Wesson public records are late coming
A request made in February by The Daily Leader for public records from Wesson Town Hall has been only partially fulfilled.
Emails were sent Feb. 28 to Wesson Municipal Clerk Linda Dykes as well as Brookhaven City Clerk Mike Jinks and Lincoln County Administrator David Fields requesting the right to inspect and copy a list of employees to include name, annual salary, title, job description and employee gender. This information is public record and is available by law under the Mississippi Public Records Act of 1983.
The newspaper asked that the records be made available within seven working days as allowed by law.
Within a few days, the Brookhaven City Clerk’s office had responded by telephone. The documents were ready and there would be about a $4 charge for the copies.
On March 8, Fields emailed a copy of the salaries in a Microsoft Excel spreadsheet as requested. There was no charge.
Wesson, however, has not produced the public documents, 19 business days after the newspaper sent a written request.
However, Dykes sent an email after town hall closed Monday to say the salary information was completed and would be available this afternoon.Dykes had said by email on March 9 that documents listing employees’ salaries didn’t exist.“Per our attorney, this document does not exist. We will get you a list of employees and salary but all personal information is exempt from disclosure,” she said. She also said there will be a $10 hourly fee charged plus the cost of copies. On March 14, the newspaper sent an email to check the status of the request. Dykes replied the next day that the attorney had been out and would “try to work on it” March 16. The newspaper reached out by email to Dykes again Monday and received a reply from attorney Jeff Varas, who said Wesson had asked him to respond to the request. “As for the salary information, all we can provide is the names of the employees and the amount of salary. All of that is public record,” he said, but added that personal information such as Social Security numbers, dates of birth and other personal information are excepted from disclosure.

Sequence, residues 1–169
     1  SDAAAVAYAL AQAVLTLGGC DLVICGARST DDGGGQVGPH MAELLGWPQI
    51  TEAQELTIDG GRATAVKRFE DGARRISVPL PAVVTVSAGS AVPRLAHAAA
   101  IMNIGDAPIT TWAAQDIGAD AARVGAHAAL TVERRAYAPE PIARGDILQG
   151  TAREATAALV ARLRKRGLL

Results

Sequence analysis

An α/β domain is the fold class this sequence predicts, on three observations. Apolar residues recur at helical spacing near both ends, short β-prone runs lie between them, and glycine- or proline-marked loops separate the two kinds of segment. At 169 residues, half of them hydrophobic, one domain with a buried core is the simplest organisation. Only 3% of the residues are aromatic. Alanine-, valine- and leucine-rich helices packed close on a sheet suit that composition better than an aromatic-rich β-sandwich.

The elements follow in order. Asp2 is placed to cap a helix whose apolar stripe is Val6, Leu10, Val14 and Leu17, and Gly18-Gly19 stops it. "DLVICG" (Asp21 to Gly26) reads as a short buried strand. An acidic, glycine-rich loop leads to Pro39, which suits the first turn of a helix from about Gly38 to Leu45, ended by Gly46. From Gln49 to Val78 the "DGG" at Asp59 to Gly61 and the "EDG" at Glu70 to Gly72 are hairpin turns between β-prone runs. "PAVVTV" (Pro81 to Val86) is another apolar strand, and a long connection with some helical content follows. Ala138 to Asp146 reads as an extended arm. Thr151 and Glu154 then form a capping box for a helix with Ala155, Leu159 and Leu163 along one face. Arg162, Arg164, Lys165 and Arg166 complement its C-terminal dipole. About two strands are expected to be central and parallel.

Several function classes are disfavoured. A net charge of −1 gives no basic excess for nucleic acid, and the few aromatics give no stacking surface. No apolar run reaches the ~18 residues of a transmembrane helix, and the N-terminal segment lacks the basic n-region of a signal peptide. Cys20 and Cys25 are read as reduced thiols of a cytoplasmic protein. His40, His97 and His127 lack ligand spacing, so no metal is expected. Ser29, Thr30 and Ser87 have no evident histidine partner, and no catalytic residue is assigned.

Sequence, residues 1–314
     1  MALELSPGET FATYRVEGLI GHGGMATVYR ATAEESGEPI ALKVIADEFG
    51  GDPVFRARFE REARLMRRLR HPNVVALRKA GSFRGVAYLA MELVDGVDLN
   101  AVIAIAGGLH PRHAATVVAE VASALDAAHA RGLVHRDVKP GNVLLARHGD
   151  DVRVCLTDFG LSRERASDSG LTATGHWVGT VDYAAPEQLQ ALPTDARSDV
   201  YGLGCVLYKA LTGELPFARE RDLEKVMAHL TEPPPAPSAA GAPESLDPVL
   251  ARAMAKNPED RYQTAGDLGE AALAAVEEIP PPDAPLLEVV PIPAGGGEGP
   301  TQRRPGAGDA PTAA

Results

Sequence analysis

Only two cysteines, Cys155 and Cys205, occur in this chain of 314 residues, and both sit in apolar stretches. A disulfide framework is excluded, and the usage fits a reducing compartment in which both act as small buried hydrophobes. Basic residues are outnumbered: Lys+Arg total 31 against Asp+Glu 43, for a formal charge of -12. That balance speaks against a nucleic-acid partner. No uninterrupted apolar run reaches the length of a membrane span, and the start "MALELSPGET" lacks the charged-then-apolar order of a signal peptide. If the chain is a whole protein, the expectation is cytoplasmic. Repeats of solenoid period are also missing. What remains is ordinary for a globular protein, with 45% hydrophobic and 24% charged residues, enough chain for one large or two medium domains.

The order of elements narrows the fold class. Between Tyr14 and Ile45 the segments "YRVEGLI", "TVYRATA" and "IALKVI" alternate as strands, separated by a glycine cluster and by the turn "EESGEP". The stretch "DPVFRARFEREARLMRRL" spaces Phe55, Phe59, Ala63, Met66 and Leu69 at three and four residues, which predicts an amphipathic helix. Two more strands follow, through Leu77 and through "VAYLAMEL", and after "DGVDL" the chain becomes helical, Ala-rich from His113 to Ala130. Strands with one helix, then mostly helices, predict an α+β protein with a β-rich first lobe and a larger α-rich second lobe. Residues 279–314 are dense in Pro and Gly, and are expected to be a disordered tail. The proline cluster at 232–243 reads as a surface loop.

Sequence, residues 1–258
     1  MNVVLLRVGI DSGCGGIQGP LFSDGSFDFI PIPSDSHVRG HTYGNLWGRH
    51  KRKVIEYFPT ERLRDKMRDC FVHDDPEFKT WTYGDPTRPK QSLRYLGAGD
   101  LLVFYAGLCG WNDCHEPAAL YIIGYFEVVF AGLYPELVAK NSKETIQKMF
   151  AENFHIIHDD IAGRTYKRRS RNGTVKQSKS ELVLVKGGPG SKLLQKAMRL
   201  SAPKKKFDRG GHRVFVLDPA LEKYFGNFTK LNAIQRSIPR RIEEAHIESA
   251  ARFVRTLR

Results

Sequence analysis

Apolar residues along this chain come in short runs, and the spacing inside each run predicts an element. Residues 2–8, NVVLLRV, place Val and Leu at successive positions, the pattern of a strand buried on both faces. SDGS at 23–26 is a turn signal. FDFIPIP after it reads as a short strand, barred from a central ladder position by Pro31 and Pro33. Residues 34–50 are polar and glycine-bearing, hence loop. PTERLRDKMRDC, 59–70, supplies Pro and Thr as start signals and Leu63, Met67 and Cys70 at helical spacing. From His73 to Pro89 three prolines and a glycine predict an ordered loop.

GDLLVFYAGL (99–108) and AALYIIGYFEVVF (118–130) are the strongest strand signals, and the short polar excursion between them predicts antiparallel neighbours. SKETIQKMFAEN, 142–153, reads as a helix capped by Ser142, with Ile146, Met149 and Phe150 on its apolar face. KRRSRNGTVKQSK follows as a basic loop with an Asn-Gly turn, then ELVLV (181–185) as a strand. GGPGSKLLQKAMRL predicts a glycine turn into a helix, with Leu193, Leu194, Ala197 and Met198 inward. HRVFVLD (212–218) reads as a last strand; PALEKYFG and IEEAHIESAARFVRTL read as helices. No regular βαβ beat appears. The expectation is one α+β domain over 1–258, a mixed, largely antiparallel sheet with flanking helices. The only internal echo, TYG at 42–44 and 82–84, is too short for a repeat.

The Daily Leader did not ask for Social Security numbers or birth dates, just name, annual salary, job description and employee gender.
Varas explained that the delay was due of his unavailability to the town because of two family deaths in a five-week period and also the limited personnel to research the information.
“But by copy of this email, I am asking the clerk to provide you with this information ASAP,” he said.
Veras recommended the fee of $10 per hour be waived “due to our inability to comply as requested.”